Page:A History of the Inquisition of the Middle Ages-Volume I .pdf/95

From Wikisource
Jump to navigation Jump to search
This page has been proofread, but needs to be validated.

prayer. Whether or not he was mercifully hanged before being reduced to ashes is perhaps doubtful, but those ashes were cast into the Tiber to prevent the people of Rome from preserving them as relics and honoring him as a martyr. It was not long before Frederic had ample cause to repent the loss of an ally who might have saved him from the bitter humiliation of his surrender to Alexander III.[1]

Though the immediate influence of Arnald of Brescia was evanescent, his career has its importance as a manifestation of the temper with which the more spiritually minded received the encroachments and corruption of the Church. Yet, though he failed in his attempt to revolutionize society, and perished through miscalculating the tremendous forces arrayed against him, his sacrifice was not wholly in vain. His teachings left a deep impress in the minds of the population, and his followers in secret cherished his memory and his principles for centuries. It was not without a full knowledge of the position that the Roman curia scattered his ashes in the Tiber, dreading the effect of the veneration which the people felt for their martyr. Secret associations of Arnaldistas were formed who called themselves "Poor Men," and adopted the tenet that the sacraments could only be administered by virtuous men. In 1184 we find them condemned by Lucius III. at the so-called Council of Verona ; about 1190 they are alluded to by Bonaccorsi, and even until the sixteenth century their name occurs in the lists of heresies proscribed in successive bulls and edicts. Yet the complete oblivion into which they fell is seen in the learned glossator Johannes Andreas, who died in 1348, remarking that perhaps the name of the sect may be derived from some one who founded it. When Peter Waldo of Lyons endeavored, in more pacific wise, to carry out the same views, and his followers grew into the Poor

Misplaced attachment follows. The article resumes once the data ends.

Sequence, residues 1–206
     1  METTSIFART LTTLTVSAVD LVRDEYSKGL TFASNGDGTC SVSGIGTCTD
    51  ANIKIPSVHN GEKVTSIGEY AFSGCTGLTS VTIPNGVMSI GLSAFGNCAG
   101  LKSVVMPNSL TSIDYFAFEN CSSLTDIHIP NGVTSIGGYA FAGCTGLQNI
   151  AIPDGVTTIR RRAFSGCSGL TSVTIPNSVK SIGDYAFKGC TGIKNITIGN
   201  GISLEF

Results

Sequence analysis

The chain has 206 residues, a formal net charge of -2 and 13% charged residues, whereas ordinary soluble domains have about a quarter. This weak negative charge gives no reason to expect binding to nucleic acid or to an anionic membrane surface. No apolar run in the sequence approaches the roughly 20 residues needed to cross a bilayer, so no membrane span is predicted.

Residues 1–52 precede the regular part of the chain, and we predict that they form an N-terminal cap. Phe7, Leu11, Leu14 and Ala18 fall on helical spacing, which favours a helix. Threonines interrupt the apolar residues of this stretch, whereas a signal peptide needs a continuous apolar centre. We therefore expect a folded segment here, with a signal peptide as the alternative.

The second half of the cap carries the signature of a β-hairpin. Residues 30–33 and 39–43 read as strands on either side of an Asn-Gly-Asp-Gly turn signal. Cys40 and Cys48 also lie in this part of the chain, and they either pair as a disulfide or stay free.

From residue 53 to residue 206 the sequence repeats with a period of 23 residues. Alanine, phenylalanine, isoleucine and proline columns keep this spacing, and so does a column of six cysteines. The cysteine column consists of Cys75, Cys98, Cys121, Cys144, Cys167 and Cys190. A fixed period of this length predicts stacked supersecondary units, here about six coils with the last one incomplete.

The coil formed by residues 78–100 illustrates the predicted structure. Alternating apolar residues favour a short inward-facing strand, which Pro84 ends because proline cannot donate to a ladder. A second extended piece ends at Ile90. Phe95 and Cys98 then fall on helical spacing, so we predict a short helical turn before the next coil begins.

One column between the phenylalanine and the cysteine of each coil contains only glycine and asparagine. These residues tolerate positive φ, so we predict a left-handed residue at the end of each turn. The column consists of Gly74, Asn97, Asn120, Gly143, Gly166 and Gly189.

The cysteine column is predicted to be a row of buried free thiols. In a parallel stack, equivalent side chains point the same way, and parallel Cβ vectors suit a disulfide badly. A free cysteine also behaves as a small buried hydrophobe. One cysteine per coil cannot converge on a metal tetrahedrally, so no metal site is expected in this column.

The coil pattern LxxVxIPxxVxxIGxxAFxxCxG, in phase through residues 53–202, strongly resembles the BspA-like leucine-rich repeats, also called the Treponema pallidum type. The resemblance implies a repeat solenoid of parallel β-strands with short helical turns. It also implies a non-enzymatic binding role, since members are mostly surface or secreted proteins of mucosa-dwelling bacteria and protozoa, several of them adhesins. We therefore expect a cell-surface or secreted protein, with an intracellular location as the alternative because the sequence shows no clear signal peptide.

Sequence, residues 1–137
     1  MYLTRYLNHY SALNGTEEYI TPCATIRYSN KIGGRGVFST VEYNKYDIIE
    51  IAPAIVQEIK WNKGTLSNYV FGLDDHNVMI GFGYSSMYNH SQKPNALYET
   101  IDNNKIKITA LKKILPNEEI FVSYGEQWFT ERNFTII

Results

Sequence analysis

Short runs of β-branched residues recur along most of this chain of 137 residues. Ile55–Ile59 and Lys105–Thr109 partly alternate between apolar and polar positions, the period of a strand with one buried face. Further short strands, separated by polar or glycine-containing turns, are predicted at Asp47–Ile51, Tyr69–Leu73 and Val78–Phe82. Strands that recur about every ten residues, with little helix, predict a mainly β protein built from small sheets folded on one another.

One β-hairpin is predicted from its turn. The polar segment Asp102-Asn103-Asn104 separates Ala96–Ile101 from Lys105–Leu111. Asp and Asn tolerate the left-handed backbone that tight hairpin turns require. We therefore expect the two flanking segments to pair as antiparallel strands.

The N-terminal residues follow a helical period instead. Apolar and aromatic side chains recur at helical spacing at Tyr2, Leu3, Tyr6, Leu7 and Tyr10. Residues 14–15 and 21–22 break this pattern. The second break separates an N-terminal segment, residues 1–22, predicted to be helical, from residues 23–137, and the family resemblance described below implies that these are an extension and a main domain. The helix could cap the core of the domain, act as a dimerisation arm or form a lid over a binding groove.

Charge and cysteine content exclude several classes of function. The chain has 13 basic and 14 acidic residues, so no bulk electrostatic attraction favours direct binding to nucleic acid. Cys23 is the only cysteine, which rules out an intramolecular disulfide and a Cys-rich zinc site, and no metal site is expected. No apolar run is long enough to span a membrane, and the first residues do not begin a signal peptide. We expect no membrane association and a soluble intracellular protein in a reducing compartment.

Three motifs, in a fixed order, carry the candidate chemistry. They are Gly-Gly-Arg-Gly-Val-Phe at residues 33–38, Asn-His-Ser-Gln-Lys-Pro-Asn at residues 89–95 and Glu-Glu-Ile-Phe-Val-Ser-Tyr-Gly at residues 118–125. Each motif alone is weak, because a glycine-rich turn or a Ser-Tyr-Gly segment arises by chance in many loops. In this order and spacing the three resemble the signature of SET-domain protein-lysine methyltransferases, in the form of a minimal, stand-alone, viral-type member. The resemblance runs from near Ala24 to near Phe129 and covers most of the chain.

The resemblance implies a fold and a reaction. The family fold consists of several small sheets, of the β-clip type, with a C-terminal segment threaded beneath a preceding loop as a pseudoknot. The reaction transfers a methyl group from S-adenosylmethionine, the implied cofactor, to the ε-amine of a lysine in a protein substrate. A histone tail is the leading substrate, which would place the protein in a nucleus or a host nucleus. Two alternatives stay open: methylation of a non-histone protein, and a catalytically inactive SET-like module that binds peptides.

1. S. Bernardi Epistt. 189, 195, 196, 243, 244.— Gualt. Mapes de Nugis Curialium Dist. i. cap. xxiv.— Otton. Frisingens. de Gestis Fiid. I. Lib. i. cap. 27 ; Lib. ii. cap. 20.— Harduin. Concil. YI. ii. 1224.— Martene Ampliss. Collect. II. 554-558.— Guntheri Ligurin. Lib. iii. 262-348.— Gerhohi Reichersperg. de Investigat. Anti-christi I.— Baroiiii Annal. ami. 1148, No. 38.— Jafie Regesta, No. 6445. — Vit. Adriani PP. m. (Muratori IIL 441, 442).— Sachsische Weltchronik, No. 301.— Cantii, Eretici d'ltalia, I. 61-63.— Tocco, L'Eresia nel Medio Evo, pp. 242, 243.—Comba, La Riforma in Italia, I. 193, 194.— Bonghi, Arnaldo da Brescia, Citttt di Castello, 1885.